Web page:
It isn’t often that I post about my work. I’m sure you see bits and pieces here and there, and while I talk about what I do I rarely share stories of my work or what I do or what I’m working on. There are a few reasons for that.
First, my work is just that: my work. It is the intellectual property of the company for whom I work. It is also very rewarding and difficult work at times but it’s also what I enjoy doing. Is it music? Well . . . of course not, but that’s not something I can make a living at and still raise four kids. I went to school to be a journalist and I have been in investigative journalism for more than two decades.
Okay. The curriculum Vitae now completed, you should know why I’m actually talking about my work tonight.
I have spent the last several months helping to produce a one-hour special that would combat bullying in schools. Yes, I was that lanky, skinny, shy kid who didn’t fit in well at school. No . . . I don’t necessarily think I was “bullied” as the term applies. Certainly, I was socially excluded, but I came to terms with the fact that the exclusion in my youth was as much my own fault – my own lack of social graces and confidence – as it was the exclusion from activities. Much of the time I was perfectly happy with whom I hung out with anyway.
But I digress. After spending so long working on these stories: I interviewed the director of the movie “Bully”, a film that literally showed bullying in a Sioux City, Iowa school on a daily, hourly, minute-by-minute basis. it shined a light on the problem that exists in schools yet many see as a “rite of passage!” It’s not.
I took a hard look at my kids from the moment we started this project. I met a man whose son, a boy who came out and said he was gay in high school, couldn’t take the taunting, ridicule, and abuse any more and killed himself. I met kids who felt they had no choice. We interviewed a boy during the special who was so ashamed he couldn’t bring his eyes to meet our anchor’s while telling her all that he’d seen and heard. I looked back at my kids and what they’re going through.
Noah was ridiculed, not long after coming back to school, by a kid who informed him, over and over again, that his life was worse than theirs because “Noah’s mom is dead and mine’s not!” I saw him taunted until he acted out and then . . . got in trouble himself. I questioned whether Hannah, who has – like her sister and other family members – gained some weight but grown tall . . . in the awkward years of middle school. She was failing her classes. She wasn’t turning in homework – just like a boy in our special. She claimed she had no problems with kids at school, but then kids in the special said they’d never told their parents, either.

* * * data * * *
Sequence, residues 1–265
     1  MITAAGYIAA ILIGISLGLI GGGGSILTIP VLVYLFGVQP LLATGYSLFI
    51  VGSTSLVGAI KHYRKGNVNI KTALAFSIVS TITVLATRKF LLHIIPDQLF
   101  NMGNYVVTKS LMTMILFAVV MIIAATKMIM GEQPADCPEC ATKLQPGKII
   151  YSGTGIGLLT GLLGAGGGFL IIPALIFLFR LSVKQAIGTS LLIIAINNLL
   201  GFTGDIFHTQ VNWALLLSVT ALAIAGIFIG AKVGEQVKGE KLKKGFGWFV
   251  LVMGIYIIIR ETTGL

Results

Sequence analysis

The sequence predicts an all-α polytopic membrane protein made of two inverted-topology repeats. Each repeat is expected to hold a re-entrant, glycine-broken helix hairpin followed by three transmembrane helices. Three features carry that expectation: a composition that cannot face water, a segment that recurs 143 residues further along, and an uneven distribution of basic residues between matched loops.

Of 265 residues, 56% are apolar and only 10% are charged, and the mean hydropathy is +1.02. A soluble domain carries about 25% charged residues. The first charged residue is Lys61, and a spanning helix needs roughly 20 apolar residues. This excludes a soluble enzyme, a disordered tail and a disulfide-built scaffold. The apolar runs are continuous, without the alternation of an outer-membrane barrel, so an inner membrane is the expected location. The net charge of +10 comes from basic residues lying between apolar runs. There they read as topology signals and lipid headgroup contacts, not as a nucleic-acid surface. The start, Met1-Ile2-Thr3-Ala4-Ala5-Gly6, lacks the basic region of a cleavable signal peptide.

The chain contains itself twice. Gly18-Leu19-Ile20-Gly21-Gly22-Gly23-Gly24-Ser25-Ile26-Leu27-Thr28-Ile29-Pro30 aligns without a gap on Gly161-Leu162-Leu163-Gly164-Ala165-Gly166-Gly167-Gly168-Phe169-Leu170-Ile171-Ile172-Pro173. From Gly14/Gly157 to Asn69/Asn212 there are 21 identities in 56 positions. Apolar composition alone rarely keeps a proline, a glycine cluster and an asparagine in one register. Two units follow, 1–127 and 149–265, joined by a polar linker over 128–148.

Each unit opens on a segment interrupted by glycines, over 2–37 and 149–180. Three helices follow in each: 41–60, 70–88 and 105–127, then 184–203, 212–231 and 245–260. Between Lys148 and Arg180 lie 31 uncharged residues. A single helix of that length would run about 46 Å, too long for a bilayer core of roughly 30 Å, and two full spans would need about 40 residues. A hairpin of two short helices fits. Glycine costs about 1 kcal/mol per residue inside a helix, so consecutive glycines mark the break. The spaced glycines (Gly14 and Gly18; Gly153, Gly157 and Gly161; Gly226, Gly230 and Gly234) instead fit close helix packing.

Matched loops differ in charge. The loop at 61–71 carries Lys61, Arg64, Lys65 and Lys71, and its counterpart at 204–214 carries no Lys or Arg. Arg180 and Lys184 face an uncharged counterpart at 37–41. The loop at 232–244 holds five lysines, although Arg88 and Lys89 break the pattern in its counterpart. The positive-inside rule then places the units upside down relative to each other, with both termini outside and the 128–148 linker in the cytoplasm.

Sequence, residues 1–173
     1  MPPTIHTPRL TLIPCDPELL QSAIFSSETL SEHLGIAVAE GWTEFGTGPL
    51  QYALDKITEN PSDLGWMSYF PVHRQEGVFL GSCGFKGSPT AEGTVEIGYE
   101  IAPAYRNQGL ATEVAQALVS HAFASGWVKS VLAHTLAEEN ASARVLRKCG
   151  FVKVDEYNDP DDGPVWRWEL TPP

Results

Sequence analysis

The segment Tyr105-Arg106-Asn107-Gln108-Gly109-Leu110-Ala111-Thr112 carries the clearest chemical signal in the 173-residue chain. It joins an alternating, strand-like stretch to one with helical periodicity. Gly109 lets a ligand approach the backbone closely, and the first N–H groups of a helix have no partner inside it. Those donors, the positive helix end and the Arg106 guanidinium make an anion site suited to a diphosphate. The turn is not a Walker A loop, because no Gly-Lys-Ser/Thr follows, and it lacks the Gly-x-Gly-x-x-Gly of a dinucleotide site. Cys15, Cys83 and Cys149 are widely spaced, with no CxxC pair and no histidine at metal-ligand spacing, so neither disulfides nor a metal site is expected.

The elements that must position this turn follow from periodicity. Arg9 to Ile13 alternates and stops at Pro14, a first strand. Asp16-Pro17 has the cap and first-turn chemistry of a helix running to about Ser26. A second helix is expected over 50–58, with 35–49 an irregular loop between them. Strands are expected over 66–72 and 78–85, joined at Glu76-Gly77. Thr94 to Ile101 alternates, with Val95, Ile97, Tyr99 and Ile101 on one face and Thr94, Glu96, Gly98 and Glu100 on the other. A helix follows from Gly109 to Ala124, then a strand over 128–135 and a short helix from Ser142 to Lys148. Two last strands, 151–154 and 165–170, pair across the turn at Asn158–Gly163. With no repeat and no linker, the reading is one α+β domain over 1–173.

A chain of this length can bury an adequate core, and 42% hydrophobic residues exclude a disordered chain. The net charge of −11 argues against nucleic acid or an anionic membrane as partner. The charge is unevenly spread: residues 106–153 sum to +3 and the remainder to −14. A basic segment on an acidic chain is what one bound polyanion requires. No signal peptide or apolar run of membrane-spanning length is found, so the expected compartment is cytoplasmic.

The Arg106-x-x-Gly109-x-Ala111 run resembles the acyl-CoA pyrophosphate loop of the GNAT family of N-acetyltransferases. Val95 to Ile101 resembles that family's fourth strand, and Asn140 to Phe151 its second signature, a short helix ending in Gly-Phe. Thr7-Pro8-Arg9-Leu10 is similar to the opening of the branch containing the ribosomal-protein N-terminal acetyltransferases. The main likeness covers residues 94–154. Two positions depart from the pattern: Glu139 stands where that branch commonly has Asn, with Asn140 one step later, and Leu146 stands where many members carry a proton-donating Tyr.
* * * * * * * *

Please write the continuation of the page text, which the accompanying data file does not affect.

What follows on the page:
In watching all these stories and going to post-production in the special we all noticed that we saw and related to someone in this hour . . . be it our own kids or the kids we knew in school.
Bullying, my dear friends, colleagues, and readers, is no rite of passage. The wounds cut by words, violence and exclusion are painful. The scars they create are deep. The common complaint when we posted the trailer above was that “words aren’t bullying. It’s not a big deal, it’s really the violence we have to be concerned with.”
They’re wrong. Dead wrong.
I’ve met parents whose kids couldn’t see the ones that loved them because every day they were verbally tormented. I’ve met sisters and brothers who said they had wished their love was enough to keep their brother/sister around but it wasn’t. As adults it’s easy to say it’s no big deal, it gets better . . . but when you’re 12, 13, 17, 18, 19? You think high school or middle school is life. It’s your whole universe, the swirling arm of some popularity black hole and only a select few get to the center.
Please, if you have the time, watch . . . if you’re in the Sacramento area. Tomorrow (tonight) – October 9th – at 7pm. It will stream online as well.
Feel free to comment . . . or discuss. Don’t put down or try to intimidate others against commenting here, though. I knew it was a problem. I didn’t know just how bad, though, until I started just scratching the surface.